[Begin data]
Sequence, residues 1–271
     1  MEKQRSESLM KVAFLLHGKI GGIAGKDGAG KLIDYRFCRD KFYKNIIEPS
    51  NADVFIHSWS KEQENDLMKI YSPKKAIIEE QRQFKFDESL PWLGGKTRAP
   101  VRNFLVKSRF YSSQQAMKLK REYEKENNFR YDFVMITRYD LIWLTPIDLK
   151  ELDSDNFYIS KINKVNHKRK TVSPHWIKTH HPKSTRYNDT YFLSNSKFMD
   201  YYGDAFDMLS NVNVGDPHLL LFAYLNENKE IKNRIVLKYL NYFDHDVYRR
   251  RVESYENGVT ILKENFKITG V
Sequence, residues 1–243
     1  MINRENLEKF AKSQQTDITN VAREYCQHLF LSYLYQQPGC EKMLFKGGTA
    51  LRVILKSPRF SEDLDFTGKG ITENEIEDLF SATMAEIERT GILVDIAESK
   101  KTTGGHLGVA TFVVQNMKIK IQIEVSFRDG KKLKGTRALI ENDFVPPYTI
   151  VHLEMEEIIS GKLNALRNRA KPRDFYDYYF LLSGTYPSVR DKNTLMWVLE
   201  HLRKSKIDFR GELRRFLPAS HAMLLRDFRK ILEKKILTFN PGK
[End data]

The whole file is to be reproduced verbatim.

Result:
Sequence, residues 1–271
     1  MEKQRSESLM KVAFLLHGKI GGIAGKDGAG KLIDYRFCRD KFYKNIIEPS
    51  NADVFIHSWS KEQENDLMKI YSPKKAIIEE QRQFKFDESL PWLGGKTRAP
   101  VRNFLVKSRF YSSQQAMKLK REYEKENNFR YDFVMITRYD LIWLTPIDLK
   151  ELDSDNFYIS KINKVNHKRK TVSPHWIKTH HPKSTRYNDT YFLSNSKFMD
   201  YYGDAFDMLS NVNVGDPHLL LFAYLNENKE IKNRIVLKYL NYFDHDVYRR
   251  RVESYENGVT ILKENFKITG V
Sequence, residues 1–243
     1  MINRENLEKF AKSQQTDITN VAREYCQHLF LSYLYQQPGC EKMLFKGGTA
    51  LRVILKSPRF SEDLDFTGKG ITENEIEDLF SATMAEIERT GILVDIAESK
   101  KTTGGHLGVA TFVVQNMKIK IQIEVSFRDG KKLKGTRALI ENDFVPPYTI
   151  VHLEMEEIIS GKLNALRNRA KPRDFYDYYF LLSGTYPSVR DKNTLMWVLE
   201  HLRKSKIDFR GELRRFLPAS HAMLLRDFRK ILEKKILTFN PGK